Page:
Home Corporate Welfare Corporate Welfare: 3. Tax Expenditures

Corporate Welfare: 3. Tax Expenditures

Corporate Welfare: 3. Tax Expenditures

“Tax Expenditures”, when used by the federal government, refers to the loss of tax revenue as a result of exemptions, exclusions, deductions and credits contained in the US tax code. It is effectively a government subsidy provided through the tax code to both individuals and businesses.

US individual taxes are reduced each year by many tax expenditures. Some of the larger ones include the deductibility of mortgage interest, state and local taxes and charitable contributions.

The US corporate tax code also contains a wide variety of exemptions, exclusions, deductions, accounting methods and credits that greatly reduce the tax payments made by American businesses.

Each year, the US Treasury Department prepares a “ Tax Expenditure Report” that estimates the value of all the tax expenditures contained in the US tax code. The most recent report covers fiscal year 2017 and outlines 168 separate exemptions, exclusions, deductions and credits available to both individuals and corporations. This report itemizes 1) total tax expenditures, 2) corporate tax expenditures reflected in corporate tax returns, and 3) individual tax expenditures flowing through individual tax returns.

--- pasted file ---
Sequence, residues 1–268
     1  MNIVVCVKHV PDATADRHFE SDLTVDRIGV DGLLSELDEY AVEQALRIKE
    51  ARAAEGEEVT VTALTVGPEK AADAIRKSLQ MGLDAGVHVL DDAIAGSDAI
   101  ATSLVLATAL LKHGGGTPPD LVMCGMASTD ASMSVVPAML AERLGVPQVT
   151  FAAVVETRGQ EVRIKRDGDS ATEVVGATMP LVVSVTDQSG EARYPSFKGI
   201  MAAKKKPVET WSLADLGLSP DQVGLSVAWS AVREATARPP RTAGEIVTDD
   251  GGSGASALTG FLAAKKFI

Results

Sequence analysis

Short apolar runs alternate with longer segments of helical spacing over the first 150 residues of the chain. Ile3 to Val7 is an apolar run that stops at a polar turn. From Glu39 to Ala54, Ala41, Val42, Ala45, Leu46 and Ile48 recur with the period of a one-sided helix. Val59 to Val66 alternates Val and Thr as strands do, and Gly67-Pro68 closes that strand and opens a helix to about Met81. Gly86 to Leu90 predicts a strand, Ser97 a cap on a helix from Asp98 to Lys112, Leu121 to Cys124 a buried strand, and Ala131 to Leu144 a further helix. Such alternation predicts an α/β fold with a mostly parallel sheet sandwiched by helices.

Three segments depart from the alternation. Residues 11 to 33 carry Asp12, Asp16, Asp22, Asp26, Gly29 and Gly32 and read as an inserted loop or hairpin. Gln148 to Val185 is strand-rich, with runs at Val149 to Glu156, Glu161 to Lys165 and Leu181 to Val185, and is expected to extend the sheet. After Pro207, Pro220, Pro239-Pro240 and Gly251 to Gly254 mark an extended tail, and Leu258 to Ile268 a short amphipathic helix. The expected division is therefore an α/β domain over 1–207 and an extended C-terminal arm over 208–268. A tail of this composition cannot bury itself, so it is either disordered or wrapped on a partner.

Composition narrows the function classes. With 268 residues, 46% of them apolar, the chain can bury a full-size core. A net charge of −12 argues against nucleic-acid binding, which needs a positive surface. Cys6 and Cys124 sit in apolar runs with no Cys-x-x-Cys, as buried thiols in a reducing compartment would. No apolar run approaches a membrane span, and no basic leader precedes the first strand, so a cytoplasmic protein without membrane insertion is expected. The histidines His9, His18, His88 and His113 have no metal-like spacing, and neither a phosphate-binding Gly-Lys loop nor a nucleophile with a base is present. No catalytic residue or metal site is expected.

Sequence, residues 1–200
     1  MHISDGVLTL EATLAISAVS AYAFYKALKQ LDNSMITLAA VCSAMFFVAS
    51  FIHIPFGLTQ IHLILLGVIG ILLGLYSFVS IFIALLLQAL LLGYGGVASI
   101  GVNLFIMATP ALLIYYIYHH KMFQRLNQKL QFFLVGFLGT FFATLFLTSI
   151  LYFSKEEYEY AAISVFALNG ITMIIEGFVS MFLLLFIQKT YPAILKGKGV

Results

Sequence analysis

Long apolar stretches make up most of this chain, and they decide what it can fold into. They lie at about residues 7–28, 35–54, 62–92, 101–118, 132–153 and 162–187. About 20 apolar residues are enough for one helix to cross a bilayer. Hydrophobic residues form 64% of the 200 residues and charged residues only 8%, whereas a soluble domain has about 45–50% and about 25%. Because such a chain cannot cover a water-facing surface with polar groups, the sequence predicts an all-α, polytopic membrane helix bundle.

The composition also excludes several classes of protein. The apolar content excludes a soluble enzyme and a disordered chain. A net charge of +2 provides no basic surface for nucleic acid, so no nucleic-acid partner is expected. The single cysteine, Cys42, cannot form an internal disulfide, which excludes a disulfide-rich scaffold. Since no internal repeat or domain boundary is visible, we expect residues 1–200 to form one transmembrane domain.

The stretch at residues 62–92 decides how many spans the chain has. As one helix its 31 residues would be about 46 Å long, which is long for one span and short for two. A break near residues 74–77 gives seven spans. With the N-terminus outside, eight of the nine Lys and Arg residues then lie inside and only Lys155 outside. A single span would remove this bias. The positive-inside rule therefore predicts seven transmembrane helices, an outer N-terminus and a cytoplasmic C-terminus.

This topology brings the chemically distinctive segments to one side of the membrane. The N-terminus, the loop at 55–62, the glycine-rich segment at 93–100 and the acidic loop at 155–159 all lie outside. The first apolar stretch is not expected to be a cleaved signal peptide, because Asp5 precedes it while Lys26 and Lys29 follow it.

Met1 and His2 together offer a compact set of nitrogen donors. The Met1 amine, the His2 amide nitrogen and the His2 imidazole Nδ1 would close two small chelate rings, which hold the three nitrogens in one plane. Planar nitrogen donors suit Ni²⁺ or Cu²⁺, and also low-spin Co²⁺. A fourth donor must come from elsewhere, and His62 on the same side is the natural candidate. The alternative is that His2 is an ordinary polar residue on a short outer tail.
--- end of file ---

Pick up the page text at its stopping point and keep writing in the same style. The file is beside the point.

Remember that a large number of businesses are structured as sole proprietorships, partnerships, S Corps and LLC’s. All of these businesses flow their income through to the individual owners, who then pay tax through their individual tax returns.

To determine the total value of tax expenditures benefiting US businesses, The Informed Vermonter took all the exemptions, deductions and credits that apply to corporations and tracked them through the report on individual tax returns, thereby measuring the total tax expenditures available to businesses.

In 2017, total tax expenditures for businesses was $266 billion, of which $217.2 billion went to corporations and $48.8 billion went to LLC’s, S-Corps and other flow-through business entities (see chart below).

To put this is perspective, total corporate tax receipts in 2017 were only $299.1billion. The various exemptions, exclusions, deductions and credits in the corporate tax code basically reduced corporate taxes by 42% in 2017. Some of the largest tax “loopholes” are described below.

  1. Deferral of income from controlled foreign corporations. In the baseline tax code, US tax is calculated on all income, both foreign and domestic. To avoid double taxation, any foreign tax paid on income becomes a tax credit for US tax purposes. Over the years, this baseline tax system has been eroded to the point where only foreign income actually transferred in cash back to the USA was subject to tax. By allowing companies to avoid paying any tax at all on foreign income, the US basically subsidized foreign investment by US corporations. This tax expenditure was $107 billion in 2017 and totaled almost $1.5 trillion over the last ten years. A similar provision for financial service firms was another $16 billion in 2017.
  2. R&D expenditures & R&D tax credits. In the baseline tax system, research and development expenditures are capitalized and amortized over time to reflect the long-term benefits. To motivate high levels of R&D spending, the tax code now allows companies to expense R&D upfront, thereby reducing their taxable income on a dollar-for-dollar basis. Tax credits are available for companies that increase R&D spending above predetermined baseline levels. R&D tax expenditures were $19.8 billion in 2017.